Many visitors come to Marco Island for the isolation and access to nature. It is a home away from home filled with natural treasures and virtually untouched beaches, parks and preserves.
The Briggs Nature Center exemplifies all of this and more. The center and preserve is located at 401 Shell Island Rd, Marco Island, FL. It is a perfect encapsulation of what makes Marco Island a prized Florida island worth exploring further.
The Basics of the Briggs Nature Center
The Briggs Nature Center is one of the key places to see for its diverse ecology. The area features many habitats and an estuary, where the mix of fresh and saltwater results in an important habitat for a variety of species.
Estuaries are a crucial habitat to protect for the sustainability of fishing and the overall ecosystem. Nearly 90% of fish harvested in the country spend a big part of their lives in fresh and saltwater estuaries, as reported by the US Environmental Protection Agency.
The nature center has two main parts. The first is a small welcome center. A few volunteers are stationed in the center to introduce the area’s preservation history and what visitors can expect to find.
The main attraction is the nature center boardwalk trail. It winds and weaves through about a half mile of preserved island mangroves and 5 distinct habitats. The primary trail is a loop through scenic vistas and Florida wildlife. It is a main stop for hikers seeking an accessible pathway into the core of Marco Island.
The 5 Habitats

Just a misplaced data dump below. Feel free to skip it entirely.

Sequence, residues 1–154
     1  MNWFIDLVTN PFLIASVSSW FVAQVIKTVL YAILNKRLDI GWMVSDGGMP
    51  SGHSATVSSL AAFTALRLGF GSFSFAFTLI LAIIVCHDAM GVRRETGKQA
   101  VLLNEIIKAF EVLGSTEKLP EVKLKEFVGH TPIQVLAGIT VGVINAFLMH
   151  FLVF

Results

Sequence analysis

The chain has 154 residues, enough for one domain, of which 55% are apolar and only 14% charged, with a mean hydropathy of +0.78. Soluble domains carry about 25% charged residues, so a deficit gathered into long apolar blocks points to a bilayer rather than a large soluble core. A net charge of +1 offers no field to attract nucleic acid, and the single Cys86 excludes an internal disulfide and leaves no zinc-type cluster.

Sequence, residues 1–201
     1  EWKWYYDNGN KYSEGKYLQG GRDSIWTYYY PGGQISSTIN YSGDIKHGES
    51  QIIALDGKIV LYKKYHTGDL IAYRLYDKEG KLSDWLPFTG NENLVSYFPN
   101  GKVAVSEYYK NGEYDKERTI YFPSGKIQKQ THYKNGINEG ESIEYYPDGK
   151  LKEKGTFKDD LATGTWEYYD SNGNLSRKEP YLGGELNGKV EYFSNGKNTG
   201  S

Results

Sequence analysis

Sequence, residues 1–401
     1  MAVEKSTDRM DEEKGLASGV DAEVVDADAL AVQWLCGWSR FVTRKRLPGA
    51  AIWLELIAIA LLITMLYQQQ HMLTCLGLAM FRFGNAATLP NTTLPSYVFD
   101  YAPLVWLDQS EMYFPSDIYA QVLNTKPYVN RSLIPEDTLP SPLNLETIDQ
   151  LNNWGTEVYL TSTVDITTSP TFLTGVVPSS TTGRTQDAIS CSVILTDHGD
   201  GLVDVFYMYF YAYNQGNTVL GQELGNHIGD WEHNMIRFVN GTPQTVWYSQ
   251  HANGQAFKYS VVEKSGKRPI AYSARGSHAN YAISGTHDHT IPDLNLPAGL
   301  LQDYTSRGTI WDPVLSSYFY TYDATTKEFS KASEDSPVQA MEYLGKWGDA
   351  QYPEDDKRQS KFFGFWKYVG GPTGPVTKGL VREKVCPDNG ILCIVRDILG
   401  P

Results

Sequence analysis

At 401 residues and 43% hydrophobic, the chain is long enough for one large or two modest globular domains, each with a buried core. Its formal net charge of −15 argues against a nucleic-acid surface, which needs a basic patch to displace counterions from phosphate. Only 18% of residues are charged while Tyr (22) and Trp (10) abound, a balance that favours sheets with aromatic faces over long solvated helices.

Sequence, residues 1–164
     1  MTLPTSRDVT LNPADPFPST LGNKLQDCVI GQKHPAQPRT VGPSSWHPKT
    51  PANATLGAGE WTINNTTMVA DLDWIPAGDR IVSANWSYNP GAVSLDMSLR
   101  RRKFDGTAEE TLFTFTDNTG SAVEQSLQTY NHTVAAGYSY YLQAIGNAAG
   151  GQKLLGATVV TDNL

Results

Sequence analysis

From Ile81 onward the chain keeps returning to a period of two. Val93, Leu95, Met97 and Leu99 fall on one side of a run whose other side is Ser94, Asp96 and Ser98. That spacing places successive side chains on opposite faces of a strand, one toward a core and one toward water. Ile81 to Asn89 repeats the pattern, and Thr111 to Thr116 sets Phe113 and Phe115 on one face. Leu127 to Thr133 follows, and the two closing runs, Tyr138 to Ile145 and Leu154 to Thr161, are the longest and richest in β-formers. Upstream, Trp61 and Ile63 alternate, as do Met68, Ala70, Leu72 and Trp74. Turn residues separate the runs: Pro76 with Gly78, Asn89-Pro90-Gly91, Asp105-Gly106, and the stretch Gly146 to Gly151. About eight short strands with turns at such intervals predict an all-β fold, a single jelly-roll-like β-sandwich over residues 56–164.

The trail is designed to encompass the widest diversity of Marco Island natural habitats. It runs through dry pine flatwoods, brackish ponds, to fringe marshes with peaking views of the gulf.
Two side paths have recently been opened to display an even deeper look at the Rookery Bay area. One particular side trail dead ends at a once-sighted bald eagle hatch.
What most guests hope to find is wildlife, and there’s plenty of it. The two primary candidates for “most likely to see” are alligators and ospreys. Baby alligators have been recorded and sighted in the area numerous times. It is absolutely essential you stay on the trail. Gators are known to wander freely through the marshes, and the boardwalk keeps you elevated above the brush and water.
Further wildlife on the trail includes river otters circling and floating on their backs, shouldered hawks, skinks, and a variety of snakes. The most impressive iconic reptile may be the beautifully coated indigo snake. Visitors coming by early in the morning or just before close should keep their eyes to the sightline on the lookout for curious bobcats.
Conservancy of Southwest Florida
Marco Island is widely untracked and isolated, especially compared to other nearby parts of Florida. Preservation is an essential to maintain Marco Island’s natural magic.
The Briggs Boardwalk and Nature Center is part of the Conservancy of Southwest Florida group. The organization garners support for some of the most isolated wildlife areas of the region.
Yet these areas are still threatened by pollution, invasive local species, and even land developmental projects. The grassroots effort minimizes ecological footprints to maintain the sense of beauty and wonder that has come to define the well-preserved coastal habitats in the area.
Hours and Contact Details
You can ask any and all questions at the nature center directly. It is open from 9:30 a.m. to 4:30 p.m. and volunteers are stationed throughout the area and at the main nature center during all hours. You can call the Briggs Nature Center at 239-775-8569.
If you have questions about initiatives to preserve local wildlife and habitats, you can contact the Conservancy of Southwest Florida by emailing them at firstname.lastname@example.org.